Condo boards oversee condo corporation finances, physical property and daily operations, and have considerable authority.
Considering the authority granted to condo directors in making decisions on behalf of the condo corporation, the importance of avoiding election fraud cannot be understated. A board of unqualified individuals can do considerable harm to a condo corporation and cost condo owners many thousands of dollars each.
In Florida it has been reported that at least 30% of regulated common interest communities had complaints or were being investigated for condo election fraud or irregularity. Accusations include forged ballots, duplicate ballot casting, intimidation of owners to change their proxies and attempts to hide voting irregularities.
Condo election fraud can be prevented. Where condo election fraud occurs it can be detected and corrected.
Condo corporations have a declaration and by-laws, and the Condo Act, which stipulate the requirement for an annual meeting and election of directors. Procedures for meeting these requirements should also be specified.
One approach to election fraud is to not hold an annual meeting or postpone it for an indeterminate period. This allows current directors to remain in their position beyond their term. When a condo board fails to call an annual meeting as required, they can be compelled to do so by a legal court.
Failure to provide proper notice is another approach to election fraud. Lack of notice can result in failure to meet quorum which means legal business, including election of directors, cannot be conducted.
Manipulating the vote by changing who can and cannot vote is election fraud. Generally speaking, only condo owners or those provided with a proxy by an owner can vote. Individuals not current in paying condo fees may not be able to vote. Voting is usually limited to one vote per suite. Condo corporations should always maintain a list of who is entitled to vote. During an election each vote should be compared against this master list.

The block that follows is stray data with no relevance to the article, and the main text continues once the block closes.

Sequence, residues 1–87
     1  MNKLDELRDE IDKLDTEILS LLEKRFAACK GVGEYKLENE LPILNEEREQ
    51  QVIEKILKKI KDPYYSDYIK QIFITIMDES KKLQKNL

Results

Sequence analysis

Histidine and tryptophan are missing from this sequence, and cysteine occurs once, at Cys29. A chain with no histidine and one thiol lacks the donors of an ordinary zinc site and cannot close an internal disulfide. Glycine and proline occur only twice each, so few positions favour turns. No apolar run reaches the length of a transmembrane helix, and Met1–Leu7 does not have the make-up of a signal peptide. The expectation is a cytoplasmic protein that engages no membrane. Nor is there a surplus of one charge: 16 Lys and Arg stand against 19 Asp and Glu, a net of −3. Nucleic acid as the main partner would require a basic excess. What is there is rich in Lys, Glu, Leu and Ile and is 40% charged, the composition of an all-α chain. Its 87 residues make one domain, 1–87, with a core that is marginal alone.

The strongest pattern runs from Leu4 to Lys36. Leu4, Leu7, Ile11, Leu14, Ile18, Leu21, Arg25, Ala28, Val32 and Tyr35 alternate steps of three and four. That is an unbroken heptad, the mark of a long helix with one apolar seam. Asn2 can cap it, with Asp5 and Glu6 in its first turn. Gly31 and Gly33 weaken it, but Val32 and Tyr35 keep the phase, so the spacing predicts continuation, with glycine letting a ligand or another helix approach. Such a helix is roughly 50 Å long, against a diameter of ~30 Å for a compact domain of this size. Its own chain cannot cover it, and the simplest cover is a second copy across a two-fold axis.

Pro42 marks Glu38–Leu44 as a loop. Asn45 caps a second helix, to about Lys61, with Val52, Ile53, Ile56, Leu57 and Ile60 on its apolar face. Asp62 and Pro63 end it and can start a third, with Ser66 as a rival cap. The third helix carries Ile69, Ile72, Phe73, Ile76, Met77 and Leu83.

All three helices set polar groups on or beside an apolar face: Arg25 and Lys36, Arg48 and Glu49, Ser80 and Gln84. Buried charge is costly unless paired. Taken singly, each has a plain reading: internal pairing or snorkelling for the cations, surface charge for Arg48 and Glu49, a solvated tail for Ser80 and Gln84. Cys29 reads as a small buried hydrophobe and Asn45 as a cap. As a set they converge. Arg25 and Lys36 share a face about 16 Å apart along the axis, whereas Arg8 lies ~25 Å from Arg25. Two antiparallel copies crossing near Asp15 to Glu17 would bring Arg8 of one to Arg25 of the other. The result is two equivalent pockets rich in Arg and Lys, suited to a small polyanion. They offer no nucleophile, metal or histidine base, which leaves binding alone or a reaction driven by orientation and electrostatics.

Proxy voting is a convenient way to meet quorum requirements and one of the more popular ways to manipulate a condo election. Proxies that list candidates for election prior to the meeting are biased against those who may be nominated at the meeting. Completed proxies should be inspected to ensure they are filled out correctly. Those not filled out correctly or unclear should not be counted.
One way to avoid election fraud is to have the process handled by an impartial individual. This individual may be the condominium manager, a lawyer or other individual familiar with the process. The individual can also be tasked with attending and moderating the meeting.
Online voting offers what may be the most effective method of avoiding election fraud. Online voting is faster and more convenient. It allows individuals to vote through their computer or phone while still allowing paper ballots for those that prefer this method. This single change makes it easier for meeting quorum requirements.
Online voting provides more accurate voting results and eliminates the need for a recount. It is harder to manipulate votes or to vote more than once per suite. Online voting and electronic proxies make it harder for election candidates seeking to collect proxies in advance of an election to ensure they are voted onto a board.
Online voting and electronic proxy services are impartial third parties that do not benefit from the outcome of a condo election. They have a vested interest in maintaining this impartiality while ensuring their systems are secure and cannot be manipulated.